International Women’s Day
In Northeast Nigeria
By Davis Nordeen, International Medical Corps Program Officer
In northeast Nigeria, women and girls have borne the brunt of a 10-year conflict in Borno, Adamawa and Yobe states, where millions have been forced from their homes and faced exploitation and abuse.
In this environment, where women and adolescent girls have lost their livelihoods, families and support structures, International Medical Corps has established women-friendly spaces (WFS) to serve as community focal points for women and girls to gather, socialize, participate in skill-building activities and receive protection information.
The WFS also serve as safe spaces for survivors of gender-based violence (GBV), where they can seek help and receive individualized case management and support services.
Every year, International Medical Corps celebrates International Women’s Day, to commemorate the achievements, empowerment and future of women and girls in Nigeria. This year, International Medical Corps dedicated a week of celebrations and activities for International Women’s Day, focusing on the theme, “I Am Gender Equality: Realizing Women’s Rights.” The week culminated in an exhibition of crafts created at the 13 WFS that International Medical Corps supports in Maiduguri.
More than 100 local leaders, community members and allies came together to celebrate the achievements and creations of the women and girls who visit WFS. Each centre showcased and sold products, including fabrics, bags, clothing, artwork, jewellery and food. As a friendly competition, a panel comprising community members, representatives of the Borno State inter-agency GBV coordination group and International Medical Corps named three WFS—Galtimari, Dala and Limanti—as the best-performing centres of the showcase. Along with the other centres, they received prizes, such as sewing machines, fabric and pasta-processing machines.
During the celebration, representatives from each WFS, and other community members, celebrated the achievements of women and girls through speeches and role-play drama. The Inter-Agency GBV Coordinator and member of the judging panel, Sylvia Opinia, echoed her support for the women and event:
“When we talk about celebrating women in Borno State, it takes a different turn, because the toll of the conflict has affected the women in unimaginable ways. Women have taken on new roles that are not traditionally their own. They are holding families together in the different camps and communities they are living in, they have become the head of the households, and now we are celebrating the handmade products of these women. I don’t know if there is any more strength than this.”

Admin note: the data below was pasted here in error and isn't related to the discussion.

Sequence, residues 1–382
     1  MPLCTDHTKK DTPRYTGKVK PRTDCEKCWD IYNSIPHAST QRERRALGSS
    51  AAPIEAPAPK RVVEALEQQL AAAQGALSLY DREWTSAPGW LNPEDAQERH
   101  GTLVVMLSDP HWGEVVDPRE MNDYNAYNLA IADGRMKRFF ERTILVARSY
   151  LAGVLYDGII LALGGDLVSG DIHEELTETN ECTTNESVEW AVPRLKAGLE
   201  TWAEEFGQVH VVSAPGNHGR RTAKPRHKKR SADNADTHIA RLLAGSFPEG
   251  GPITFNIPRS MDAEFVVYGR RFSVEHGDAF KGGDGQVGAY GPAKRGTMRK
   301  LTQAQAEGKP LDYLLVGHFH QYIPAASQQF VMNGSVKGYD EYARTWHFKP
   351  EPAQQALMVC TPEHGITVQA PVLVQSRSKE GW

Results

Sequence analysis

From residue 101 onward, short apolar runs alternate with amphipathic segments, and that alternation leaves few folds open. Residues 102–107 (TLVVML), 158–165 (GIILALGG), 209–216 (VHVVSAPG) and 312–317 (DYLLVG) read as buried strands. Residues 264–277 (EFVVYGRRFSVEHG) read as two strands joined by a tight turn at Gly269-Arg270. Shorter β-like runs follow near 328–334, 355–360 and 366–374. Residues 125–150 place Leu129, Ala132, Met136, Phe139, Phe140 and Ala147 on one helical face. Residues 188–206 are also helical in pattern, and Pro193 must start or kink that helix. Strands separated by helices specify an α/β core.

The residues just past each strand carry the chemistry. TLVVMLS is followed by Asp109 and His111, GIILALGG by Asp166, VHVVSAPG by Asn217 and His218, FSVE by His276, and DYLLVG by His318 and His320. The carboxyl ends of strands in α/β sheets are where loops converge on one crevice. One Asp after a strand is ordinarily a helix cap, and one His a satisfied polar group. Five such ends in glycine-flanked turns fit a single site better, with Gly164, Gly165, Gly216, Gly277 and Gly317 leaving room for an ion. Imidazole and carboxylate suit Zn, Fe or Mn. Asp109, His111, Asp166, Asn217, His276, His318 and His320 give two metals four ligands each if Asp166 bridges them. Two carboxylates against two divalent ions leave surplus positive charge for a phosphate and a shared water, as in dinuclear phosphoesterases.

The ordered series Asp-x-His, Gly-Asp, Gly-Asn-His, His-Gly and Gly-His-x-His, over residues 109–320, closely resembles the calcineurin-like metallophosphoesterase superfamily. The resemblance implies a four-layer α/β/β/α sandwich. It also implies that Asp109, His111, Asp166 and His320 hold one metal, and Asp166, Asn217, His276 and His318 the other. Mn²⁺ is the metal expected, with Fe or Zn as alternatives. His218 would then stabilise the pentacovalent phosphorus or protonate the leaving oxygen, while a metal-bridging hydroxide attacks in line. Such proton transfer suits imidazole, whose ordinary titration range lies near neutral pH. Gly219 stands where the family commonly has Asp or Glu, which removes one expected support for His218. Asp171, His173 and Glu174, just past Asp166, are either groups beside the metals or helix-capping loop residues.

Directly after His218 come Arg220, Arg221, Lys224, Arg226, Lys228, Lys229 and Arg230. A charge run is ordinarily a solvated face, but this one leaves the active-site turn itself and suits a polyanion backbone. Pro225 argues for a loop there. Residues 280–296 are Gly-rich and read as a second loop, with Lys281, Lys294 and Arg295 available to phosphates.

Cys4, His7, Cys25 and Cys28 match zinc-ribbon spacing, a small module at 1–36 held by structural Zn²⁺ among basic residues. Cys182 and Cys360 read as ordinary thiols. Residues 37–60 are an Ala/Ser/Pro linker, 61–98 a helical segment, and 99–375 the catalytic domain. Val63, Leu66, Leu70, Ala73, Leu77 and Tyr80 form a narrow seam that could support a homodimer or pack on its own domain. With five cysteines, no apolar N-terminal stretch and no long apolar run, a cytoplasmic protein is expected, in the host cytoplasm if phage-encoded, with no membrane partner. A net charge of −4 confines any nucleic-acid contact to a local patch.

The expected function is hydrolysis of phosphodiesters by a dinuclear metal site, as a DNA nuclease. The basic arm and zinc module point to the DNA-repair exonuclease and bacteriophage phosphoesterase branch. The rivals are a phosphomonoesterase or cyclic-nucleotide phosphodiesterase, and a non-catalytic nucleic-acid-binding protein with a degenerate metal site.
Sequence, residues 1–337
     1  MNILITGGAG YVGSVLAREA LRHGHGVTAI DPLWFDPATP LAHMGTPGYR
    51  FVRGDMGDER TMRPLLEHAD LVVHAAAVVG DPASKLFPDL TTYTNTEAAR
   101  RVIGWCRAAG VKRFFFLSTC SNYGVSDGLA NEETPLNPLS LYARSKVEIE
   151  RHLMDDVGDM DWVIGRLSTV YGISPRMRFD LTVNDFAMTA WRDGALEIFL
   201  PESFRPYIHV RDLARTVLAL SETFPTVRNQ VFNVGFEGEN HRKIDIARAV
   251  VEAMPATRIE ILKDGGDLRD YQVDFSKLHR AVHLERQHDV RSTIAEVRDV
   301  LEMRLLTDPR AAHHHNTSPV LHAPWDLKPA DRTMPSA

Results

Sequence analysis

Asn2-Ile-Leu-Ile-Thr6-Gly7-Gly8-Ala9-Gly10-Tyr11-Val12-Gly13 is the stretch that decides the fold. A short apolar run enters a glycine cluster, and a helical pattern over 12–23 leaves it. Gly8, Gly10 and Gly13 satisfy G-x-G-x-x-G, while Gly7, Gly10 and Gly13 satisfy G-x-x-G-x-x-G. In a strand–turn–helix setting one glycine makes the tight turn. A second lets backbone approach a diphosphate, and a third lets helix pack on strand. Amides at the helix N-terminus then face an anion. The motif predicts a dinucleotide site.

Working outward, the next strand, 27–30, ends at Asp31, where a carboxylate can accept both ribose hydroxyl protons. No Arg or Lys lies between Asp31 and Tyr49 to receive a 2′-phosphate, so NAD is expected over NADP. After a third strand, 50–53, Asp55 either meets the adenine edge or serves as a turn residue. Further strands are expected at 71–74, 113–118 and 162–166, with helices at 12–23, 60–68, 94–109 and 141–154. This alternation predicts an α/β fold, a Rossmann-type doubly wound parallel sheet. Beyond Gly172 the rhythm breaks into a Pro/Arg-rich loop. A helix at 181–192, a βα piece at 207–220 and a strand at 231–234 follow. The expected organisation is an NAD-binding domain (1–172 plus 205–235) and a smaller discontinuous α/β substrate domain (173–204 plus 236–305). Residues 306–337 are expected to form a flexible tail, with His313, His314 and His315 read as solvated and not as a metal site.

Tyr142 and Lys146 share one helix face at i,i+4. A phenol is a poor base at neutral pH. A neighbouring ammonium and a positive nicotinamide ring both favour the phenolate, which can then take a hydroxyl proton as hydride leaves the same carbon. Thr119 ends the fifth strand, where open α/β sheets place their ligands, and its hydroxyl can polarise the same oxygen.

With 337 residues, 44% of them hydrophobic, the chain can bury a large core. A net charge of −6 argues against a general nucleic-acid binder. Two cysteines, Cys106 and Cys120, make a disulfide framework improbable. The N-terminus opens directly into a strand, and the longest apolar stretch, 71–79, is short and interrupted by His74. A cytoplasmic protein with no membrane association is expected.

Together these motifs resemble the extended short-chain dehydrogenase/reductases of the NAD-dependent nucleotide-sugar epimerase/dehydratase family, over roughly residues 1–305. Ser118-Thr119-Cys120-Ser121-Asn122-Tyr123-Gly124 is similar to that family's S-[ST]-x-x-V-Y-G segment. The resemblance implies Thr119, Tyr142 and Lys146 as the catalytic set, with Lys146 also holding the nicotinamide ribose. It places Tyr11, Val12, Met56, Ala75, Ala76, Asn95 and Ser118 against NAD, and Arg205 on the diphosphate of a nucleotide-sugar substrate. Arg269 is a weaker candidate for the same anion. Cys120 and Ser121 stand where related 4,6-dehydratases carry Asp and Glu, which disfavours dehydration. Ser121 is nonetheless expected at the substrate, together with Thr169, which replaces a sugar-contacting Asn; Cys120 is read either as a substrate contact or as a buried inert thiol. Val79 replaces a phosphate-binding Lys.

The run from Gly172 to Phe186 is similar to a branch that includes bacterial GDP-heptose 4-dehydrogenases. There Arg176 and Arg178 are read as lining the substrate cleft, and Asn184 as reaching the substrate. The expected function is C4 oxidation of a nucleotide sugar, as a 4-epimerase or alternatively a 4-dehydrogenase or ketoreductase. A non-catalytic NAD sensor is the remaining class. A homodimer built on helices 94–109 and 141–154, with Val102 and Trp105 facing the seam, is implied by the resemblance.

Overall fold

To date in Borno State, International Medical Corps has established and supported 18 WFS to provide opportunities for women to safely gather, develop support networks, receive and share information, participate in psychosocial support activities and seek services after incidents involving GBV. Activities are focused on restoring self-confidence, strength and self-worth, while providing opportunities to relax and enjoy a safe space to share experiences, raise questions and seek emotional support.
One of the women of the “Old Maiduguri” WFS, Falmata (pictured above), has been living in the town for three years after fleeing violence from her home in Magumeri. She is a single mother of four and explains that life has been difficult for women from her community. “Some of us have been able to rent apartments, while others who cannot afford to are living in camps,” she says. “Some girls were married off, out of fear of the insurgents.” Like many other women, the WFS helped Falmata get back on her feet, gain a sense of belonging and improve her independence.
“I have been able to learn various skills at the women-friendly spaces and, after selling the items I have made, use the savings to support my children’s education with the buying of their books, uniforms and school fees,” Falmata says. “I have also taught other women, for them to become empowered and self-reliant.” When looking toward her future, she added:
“My hopes are many. I want to help my community in the way that International Medical Corps has made me empowered and self-reliant. I want to be a female philanthropist and have my work be heard worldwide.”
Alongside the WFS, International Medical Corps has established economic and social empowerment (EASE) groups, to help women develop business skills, form savings and loan associations, and increase their autonomy and empowerment. International Medical Corps has also established networks of 92 community volunteers to provide information on protection issues, and to link vulnerable women and adolescent girls to available services.
International Medical Corps has been providing GBV prevention and response services in Nigeria since 2015 and remains one of the key partners providing comprehensive GBV response services in Borno State, with support from USAID/OFDA and the government of the Kingdom of the Netherlands.